Simon Draper is the departing executive director of the Asia New Zealand Foundation Te Whītau Tūhono.
OPINION: By the time this article is published I would have finished the best job I’ve ever had and be off on some new adventure, I hope.
I came to the Asia New Zealand Foundation because when running New Zealand's UN Security Council campaign, I was intrigued that most of New Zealand's quality UN support came from Asia.
I was keen to better understand what it is about New Zealand that is interesting to Asia, and after nearly eight years in this role I think I have a partial answer.
But I also have a lot more questions about New Zealand itself.
I started my diplomatic career in Asia as the first Korean language trainee for the Government in the early 1990s, when New Zealanders talked about North Asia, South-East Asia and South Asia – well that has changed.
One of the first things that I realised in this role is that New Zealanders now just talk about Asia, when they actually just mean China. China dominates all of the Asia conversations despite New Zealand having long and extensive relationships with a range of Asia countries like Malaysia, Japan, Korea, Singapore and India.
I find it worrying too that these relationships are almost exclusively talked about in terms of money and trade. Well, Asian countries didn’t vote for New Zealand because of the size of our economy.
New Zealand is increasingly a country where if you can’t measure something, it has little value. So those ‘soft’ things like genuine connectivity through a range of real people to people interactions are regarded as superfluous to relationships.
I think that’s misguided, and at times it’s been strange for me to be the dinosaur in the room talking about relationships having ‘ballast’, ‘many threads to take up strain’, etc when it was clear tourist numbers and export dollars are the sole indicators when we collectively assess a relationship.
This helps to explain why for example Asian language departments in New Zealand universities are closing, despite the fact as a country we will need more Asian language proficiency not less.
Talking with a lot of New Zealanders in a wide range of fields we do know that Asia is going to have more impact on Aotearoa than any other region in the coming 20 to 30 years, even more than it has in the last 20 to 30 years. Just about every dataset I have seen points that way.
I am also confident that what we have done in the past is not going to be sufficient as regards engagement with Asia in the coming decades.
So, if you sense some frustration in my voice, you’d be right. But you should also hear some optimism. A great pleasure of this job has been getting outside the Auckland and Wellington bubbles and into the regions meeting young people. Young people will be the key for New Zealand's engagement in Asia, whether those in positions of power help them or not.
Asia is now the number one travel destination for young New Zealanders. The soft power of gaming, movies, social media, food, language, and sports means young people are learning about Asia in new and interesting ways.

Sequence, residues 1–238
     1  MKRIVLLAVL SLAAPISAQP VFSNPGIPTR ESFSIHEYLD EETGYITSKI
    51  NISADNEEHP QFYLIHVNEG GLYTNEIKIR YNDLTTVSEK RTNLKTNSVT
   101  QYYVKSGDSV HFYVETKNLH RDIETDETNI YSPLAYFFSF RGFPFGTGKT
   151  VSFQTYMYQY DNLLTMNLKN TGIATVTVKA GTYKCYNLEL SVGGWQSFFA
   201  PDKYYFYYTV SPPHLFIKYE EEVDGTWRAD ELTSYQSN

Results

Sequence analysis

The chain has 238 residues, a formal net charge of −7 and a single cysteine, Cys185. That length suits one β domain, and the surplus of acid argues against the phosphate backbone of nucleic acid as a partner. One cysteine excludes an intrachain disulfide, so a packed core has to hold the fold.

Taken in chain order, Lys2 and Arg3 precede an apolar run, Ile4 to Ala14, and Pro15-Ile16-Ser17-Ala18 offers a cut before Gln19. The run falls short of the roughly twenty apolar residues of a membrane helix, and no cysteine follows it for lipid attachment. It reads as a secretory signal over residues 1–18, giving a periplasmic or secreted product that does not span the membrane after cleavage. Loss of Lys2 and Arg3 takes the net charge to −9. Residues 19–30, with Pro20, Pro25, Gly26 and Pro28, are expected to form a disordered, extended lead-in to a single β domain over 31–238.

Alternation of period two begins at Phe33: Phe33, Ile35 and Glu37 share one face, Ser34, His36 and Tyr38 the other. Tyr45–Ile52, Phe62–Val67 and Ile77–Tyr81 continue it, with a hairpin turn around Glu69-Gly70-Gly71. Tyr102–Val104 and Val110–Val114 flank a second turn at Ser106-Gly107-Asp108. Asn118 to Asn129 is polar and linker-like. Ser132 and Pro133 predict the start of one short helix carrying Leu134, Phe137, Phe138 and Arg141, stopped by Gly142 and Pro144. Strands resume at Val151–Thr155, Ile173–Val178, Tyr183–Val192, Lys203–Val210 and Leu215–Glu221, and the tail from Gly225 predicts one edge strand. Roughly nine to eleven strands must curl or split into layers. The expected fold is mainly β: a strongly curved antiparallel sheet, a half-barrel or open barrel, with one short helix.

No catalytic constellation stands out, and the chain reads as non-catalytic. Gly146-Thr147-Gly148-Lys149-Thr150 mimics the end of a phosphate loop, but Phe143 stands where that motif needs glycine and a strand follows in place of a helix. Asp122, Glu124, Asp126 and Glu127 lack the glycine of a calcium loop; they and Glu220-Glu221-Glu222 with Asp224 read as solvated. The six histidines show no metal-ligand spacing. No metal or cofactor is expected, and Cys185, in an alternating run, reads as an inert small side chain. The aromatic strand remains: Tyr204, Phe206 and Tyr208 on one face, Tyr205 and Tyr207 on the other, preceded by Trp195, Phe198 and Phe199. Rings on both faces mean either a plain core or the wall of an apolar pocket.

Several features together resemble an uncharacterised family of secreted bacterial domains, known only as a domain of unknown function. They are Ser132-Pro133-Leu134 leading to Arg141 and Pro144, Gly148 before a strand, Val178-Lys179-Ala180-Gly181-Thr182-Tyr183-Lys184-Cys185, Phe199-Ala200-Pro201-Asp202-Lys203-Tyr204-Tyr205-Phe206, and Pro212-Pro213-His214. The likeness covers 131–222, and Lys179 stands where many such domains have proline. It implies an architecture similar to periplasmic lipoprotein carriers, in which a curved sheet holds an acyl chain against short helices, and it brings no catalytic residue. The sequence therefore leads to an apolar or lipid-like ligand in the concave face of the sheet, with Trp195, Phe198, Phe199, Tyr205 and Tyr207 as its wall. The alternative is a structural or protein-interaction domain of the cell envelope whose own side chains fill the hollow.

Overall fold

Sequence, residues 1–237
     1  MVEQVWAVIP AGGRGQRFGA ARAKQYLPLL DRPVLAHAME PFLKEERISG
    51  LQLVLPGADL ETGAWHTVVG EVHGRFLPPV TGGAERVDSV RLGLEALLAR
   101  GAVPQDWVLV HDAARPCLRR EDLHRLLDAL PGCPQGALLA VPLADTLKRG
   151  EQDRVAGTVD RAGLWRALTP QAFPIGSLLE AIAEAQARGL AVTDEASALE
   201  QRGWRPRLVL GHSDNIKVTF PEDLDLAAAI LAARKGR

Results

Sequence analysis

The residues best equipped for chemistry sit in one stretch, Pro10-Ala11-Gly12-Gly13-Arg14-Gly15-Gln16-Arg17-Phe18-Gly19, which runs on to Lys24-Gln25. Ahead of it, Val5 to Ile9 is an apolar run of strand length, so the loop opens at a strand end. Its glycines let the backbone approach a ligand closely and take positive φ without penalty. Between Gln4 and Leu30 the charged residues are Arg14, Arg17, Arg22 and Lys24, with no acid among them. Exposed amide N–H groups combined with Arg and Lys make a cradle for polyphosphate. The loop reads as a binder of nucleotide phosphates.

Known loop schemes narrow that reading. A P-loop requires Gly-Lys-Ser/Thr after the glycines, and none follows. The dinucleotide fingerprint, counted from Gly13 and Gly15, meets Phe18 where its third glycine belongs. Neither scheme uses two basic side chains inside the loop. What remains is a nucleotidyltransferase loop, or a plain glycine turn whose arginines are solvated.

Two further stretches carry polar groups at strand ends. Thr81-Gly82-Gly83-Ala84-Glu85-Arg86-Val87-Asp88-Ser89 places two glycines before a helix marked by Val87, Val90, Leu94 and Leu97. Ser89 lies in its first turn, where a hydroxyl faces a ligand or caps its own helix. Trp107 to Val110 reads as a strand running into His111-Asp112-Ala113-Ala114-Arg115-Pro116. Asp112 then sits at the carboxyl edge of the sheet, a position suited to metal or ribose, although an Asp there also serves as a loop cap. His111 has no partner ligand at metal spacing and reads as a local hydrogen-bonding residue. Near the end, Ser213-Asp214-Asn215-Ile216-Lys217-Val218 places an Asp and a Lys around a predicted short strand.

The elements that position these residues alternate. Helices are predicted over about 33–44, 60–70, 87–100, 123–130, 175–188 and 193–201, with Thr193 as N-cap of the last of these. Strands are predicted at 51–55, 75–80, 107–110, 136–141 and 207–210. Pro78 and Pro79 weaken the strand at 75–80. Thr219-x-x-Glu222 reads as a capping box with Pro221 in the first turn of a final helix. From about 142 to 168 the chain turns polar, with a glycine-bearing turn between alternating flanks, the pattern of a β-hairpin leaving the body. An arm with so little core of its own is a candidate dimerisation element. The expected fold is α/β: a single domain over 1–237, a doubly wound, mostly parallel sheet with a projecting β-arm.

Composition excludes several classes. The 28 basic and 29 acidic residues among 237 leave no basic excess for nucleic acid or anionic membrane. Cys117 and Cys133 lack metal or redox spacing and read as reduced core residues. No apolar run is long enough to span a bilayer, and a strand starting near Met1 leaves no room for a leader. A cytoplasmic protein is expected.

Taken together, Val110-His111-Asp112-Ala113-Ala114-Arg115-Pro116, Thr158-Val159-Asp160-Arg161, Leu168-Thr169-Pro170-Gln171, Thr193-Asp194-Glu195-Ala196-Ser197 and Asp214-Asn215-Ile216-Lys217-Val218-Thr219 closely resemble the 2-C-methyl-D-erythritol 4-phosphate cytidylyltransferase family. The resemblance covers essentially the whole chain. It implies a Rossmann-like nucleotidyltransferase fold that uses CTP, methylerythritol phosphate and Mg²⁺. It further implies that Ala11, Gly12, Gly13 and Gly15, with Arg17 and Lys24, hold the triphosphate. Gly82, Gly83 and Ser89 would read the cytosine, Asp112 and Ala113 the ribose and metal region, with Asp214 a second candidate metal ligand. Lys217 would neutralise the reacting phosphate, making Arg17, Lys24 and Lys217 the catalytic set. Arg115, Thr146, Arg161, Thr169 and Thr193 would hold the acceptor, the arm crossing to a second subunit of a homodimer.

Secondly, New Zealand has a higher proportion of citizens of Asian origin that any other OECD country – this diaspora has skills, knowledge and connections back into Asia that will help non-Asian New Zealanders engage with Asia. I can only see that connectivity growing stronger.
Thirdly, our research shows Māori have an ‘edge’ in engaging with Asia – the cultural connectivity between Māori and Asian peoples means we have something other countries trying to engage with Asia don’t have. It may presently be largely hidden from view, but it’s a great asset to have.
Lastly, there are the Asian peoples themselves and the trajectory they are on. I’ve been lucky enough in the last eight years to engage with a range of Asian people from across that diverse continent. They invariably have been smart, energetic and looking for opportunity. It is that energy and enthusiasm that I believe will carry us along.
So, I think we will get there, and be more engaged with Asia.
But lets be clever about it, lets invest the time, energy and money required to accelerate the process of understanding and benefitting from what is the most exciting, dynamic and innovative region in the world.
The most important decisions in the coming decades will be made in Asian capitals.
Finally, why was Asia keen to vote for us in the UNSC? I think it’s because of the investments we made decades before I came on the scene – commitments and investments New Zealand made through military support to Malaysia, Korea and Singapore when they needed it, the Colombo Plan, and support for decolonisation projects across the region.
Most of this was, of course, over 50 years ago, so its relationship capital than has been drawn down.
As I exit my current role my hope is that we will make new Asian relationship investments and that we will as a country understand that in Asia relationship doesn’t just mean ‘we want to sell you stuff’. There are so much more exciting and interesting things in Asia than just that.
+ This article originally published in The Post
- Asia Media Centre